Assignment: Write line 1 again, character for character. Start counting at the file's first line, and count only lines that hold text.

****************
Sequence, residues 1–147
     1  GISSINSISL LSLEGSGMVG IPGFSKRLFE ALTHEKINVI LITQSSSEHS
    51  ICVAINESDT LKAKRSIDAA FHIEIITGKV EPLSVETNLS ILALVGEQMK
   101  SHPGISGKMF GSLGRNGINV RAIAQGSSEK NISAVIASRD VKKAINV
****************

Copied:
Sequence, residues 1–147